Yael Dayan, Israeli Writer, Politician and Daughter of War Hero, Dies at 85

Yael Dayan, a celebrated Israeli writer who, after the death of her father, the war hero and statesman Moshe Dayan, entered politics and became a proponent of women’s rights, L.G.B.T.Q. issues and a two-state solution to the Palestinian conflict, died on May 18 at her home in Tel Aviv. She was 85.

Her daughter, Racheli Sion-Sarid, said the cause was chronic obstructive pulmonary disease.

Ms. Dayan was the last surviving child of Mr. Dayan, who served as Israel’s defense minister during the Six-Day War in 1967 and the Yom Kippur War in 1973. With his distinctive black eyepatch — he had lost his left eye in combat fighting with the British in World War II — he was the unmistakable patriarch of a family dynasty that many in Israel have compared to the Kennedys.

Mr. Dayan’s wife, Ruth, was the founder of the fashion house Maskit. Their son Assi was an actor and filmmaker. Another son, Ehud, was a sculptor.

Ms. Dayan shot to literary stardom at age 20 with “New Face in the Mirror” (1959), an autobiographical novel written in English about a young female soldier whose father is a military commander.

“One day my father came to the camp,” she wrote. “He said he was passing and had decided to drop in. He would never have admitted that he had come to see me. His arrival was, of course, an event — an occasion for smart and often unnecessary salutes, for alert and curious eyes. Will he kiss her when he leaves?”

The novelist Anzia Yezierska, writing in The New York Times Book Review, called “New Face in the Mirror” “an extraordinary record of the inner life of a rebellious adolescent in search of self-realization.” She added, “There is an honesty and a compulsive intensity in the telling of her story that haunts us, long after finishing the book.”

Other books followed. In 1967, Ms. Dayan published two books: “Death Has Two Sons,” a father-and-son novel set during the Holocaust, and “Israel Journal,” a diary of her experiences during the Six-Day War under the command of Ariel Sharon, who later became prime minister.

In prose that Charles Poore, a book reviewer at The Times for nearly 40 years, compared to Ernest Hemingway’s, Ms. Dayan wrote in “Israel Journal” of how the war had changed her: “Nothing will be the same now. I have looked at cessation of life, destruction of matter, sorrow of destroyers, agony of the victorious, and it had to leave a mark.”

Ms. Dayan decided to try politics after her father died in 1981.

“It never seemed right as long as he was still alive,” she told the Jewish American magazine Lilith.

As a member of the Labor Party, she served three terms in the Knesset. She was instrumental in passing legislation that outlawed sexual harassment. She also founded the Knesset Committee on the Status of Women and Gender Equality and backed measures protecting L.G.B.T.Q. individuals from discrimination.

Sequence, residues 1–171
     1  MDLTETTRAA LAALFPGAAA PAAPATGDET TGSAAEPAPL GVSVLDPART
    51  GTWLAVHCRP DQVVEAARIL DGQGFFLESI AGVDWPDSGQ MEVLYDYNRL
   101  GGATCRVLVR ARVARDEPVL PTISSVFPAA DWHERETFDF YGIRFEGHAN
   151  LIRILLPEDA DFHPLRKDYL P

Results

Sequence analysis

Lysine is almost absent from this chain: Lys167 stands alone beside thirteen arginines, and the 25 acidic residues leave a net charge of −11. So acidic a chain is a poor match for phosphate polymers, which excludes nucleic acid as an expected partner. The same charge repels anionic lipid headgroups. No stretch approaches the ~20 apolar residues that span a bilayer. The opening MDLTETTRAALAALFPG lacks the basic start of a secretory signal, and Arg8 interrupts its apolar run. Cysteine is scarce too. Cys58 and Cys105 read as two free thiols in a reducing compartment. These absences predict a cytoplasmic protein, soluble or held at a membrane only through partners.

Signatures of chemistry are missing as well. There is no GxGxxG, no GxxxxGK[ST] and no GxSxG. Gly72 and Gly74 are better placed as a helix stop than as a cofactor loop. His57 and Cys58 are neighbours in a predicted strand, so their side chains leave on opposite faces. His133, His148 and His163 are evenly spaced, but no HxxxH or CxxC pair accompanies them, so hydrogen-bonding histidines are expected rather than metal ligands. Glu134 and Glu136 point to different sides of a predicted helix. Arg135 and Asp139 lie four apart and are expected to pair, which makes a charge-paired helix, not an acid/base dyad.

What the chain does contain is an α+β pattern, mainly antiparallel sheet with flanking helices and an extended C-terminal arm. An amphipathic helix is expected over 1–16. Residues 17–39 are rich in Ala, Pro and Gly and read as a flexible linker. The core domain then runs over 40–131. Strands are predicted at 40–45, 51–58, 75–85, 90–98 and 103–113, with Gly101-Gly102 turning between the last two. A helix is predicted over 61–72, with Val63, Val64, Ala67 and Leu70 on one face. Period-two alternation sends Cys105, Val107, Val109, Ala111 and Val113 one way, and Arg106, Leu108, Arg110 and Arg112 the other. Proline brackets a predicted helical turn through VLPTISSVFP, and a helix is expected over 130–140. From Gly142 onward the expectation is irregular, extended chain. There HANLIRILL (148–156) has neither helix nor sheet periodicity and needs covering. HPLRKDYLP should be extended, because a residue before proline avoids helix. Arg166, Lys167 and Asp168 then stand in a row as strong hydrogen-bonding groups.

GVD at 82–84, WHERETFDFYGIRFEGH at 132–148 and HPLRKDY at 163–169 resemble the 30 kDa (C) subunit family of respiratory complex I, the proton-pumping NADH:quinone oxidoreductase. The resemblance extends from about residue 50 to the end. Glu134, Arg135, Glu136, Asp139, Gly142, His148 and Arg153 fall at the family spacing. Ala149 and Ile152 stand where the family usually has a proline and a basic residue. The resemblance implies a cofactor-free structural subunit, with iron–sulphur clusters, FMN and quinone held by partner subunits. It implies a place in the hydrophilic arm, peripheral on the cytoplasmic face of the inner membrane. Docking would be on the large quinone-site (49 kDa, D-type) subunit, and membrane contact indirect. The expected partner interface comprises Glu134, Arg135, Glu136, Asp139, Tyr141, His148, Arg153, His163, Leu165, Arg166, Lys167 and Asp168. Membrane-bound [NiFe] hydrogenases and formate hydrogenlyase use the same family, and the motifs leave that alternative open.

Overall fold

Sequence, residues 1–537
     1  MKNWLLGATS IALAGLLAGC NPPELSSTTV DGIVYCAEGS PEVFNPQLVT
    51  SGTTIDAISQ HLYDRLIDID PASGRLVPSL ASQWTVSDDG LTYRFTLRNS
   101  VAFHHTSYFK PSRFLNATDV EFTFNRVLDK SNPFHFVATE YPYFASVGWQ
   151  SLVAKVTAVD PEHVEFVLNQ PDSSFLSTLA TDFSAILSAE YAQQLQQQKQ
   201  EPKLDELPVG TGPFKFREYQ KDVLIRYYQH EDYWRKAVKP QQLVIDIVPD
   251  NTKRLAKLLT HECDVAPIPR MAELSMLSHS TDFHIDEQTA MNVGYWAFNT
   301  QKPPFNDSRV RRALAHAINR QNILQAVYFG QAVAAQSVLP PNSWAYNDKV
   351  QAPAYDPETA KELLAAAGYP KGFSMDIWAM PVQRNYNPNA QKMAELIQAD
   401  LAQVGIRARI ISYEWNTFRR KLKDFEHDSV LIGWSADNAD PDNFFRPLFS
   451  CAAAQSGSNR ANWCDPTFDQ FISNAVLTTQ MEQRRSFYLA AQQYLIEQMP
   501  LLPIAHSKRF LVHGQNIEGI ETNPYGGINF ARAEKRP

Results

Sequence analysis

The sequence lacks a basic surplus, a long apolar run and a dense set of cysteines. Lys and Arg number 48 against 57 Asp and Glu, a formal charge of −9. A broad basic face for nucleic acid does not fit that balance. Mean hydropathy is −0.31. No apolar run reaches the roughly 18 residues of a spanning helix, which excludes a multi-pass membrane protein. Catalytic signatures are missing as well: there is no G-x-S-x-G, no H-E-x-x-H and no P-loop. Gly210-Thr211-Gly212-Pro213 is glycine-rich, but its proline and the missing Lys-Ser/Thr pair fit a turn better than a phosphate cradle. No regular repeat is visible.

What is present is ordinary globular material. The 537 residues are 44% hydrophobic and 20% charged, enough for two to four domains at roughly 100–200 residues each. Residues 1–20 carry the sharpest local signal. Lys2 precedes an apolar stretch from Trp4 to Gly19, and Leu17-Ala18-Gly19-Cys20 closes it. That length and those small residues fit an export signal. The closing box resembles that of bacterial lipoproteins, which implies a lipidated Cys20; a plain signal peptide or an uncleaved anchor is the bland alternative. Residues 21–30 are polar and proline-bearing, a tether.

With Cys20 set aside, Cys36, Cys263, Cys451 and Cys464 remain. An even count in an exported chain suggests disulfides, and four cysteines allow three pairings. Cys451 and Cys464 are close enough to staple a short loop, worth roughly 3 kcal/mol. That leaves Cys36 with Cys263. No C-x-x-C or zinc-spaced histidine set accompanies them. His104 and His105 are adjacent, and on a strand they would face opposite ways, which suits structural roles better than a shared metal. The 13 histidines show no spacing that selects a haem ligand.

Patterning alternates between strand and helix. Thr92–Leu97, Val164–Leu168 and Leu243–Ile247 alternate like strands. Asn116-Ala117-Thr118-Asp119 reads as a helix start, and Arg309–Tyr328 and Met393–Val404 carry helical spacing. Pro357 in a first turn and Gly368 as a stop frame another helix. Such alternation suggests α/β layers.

Ms. Dayan was at times a divisive figure in Israeli politics.

In 1992, she outraged her party and its leader, Prime Minister Yitzhak Rabin, when she was photographed by a tabloid newspaper in a bikini on a Tel Aviv beach during Yom Kippur, the holiest holiday in the Jewish calendar.

Ms. Dayan, in turn, was outraged that her sunbathing had become a national scandal.

“Isn’t a picture of a woman in a bathing suit off-limits for religious people?” she said in an interview with the Hebrew-language newspaper Hadashot. “Why are they even looking at this picture?”

Her most contentious political act came the next year, when she became the first member of the Knesset to meet with the Palestinian leader Yasir Arafat. She gave him a copy of “My Father, His Daughter” (1985), a book about her father in which she wrote about his numerous extramarital affairs.

Mr. Arafat “has a public appearance that is not very appealing,” she told The Toronto Star after their meeting. “But that quickly disappears. He is a good listener. Very quick. Humorous and gentle. He was a very worried man when I saw him.”

She believed that the only solution to the Palestinian conflict was separate states — and she never wavered from that opinion. She opposed Jewish settlements in the West Bank.

“It is inconceivable that we should still have to discuss the Palestinian right to self-determination,” she told The Star. “We are still doubting that they are people. This is so stupid, it is like an ostrich burying its head.”

Yael Dayan was born on Feb. 12, 1939, in Nahalal, a farming community in what is now northern Israel.

Considered a prodigy at an early age, she was reading by age 3. She skipped several grades in elementary school. She began writing “New Face in the Mirror” when she was 17.

After serving as a captain in the public relations unit of the Israeli Defense Forces, she studied international relations at Hebrew University.

Ms. Dayan married Dov Sion, a colonel under Mr. Sharon’s command during the Six-Day War, in 1967. He died in 2003. In addition to her daughter, she is survived by a son, Dan Sion, and four grandchildren.

Ms. Dayan persevered in her advocacy for peace even when it put her in danger.

In 1996, while she was touring Hebron, the West Bank city that is home to hundreds of settlers, a Jewish extremist approached her with an offer of a cup of tea. Ms. Dayan accepted. According to The Jerusalem Post, the man flung the tea at her face. Her neck and chest were scalded.

Ms. Dayan continued on with her tour.

A few days later, someone mailed her a newspaper photo of the incident and wrote, “It’s a pity there was no acid.”

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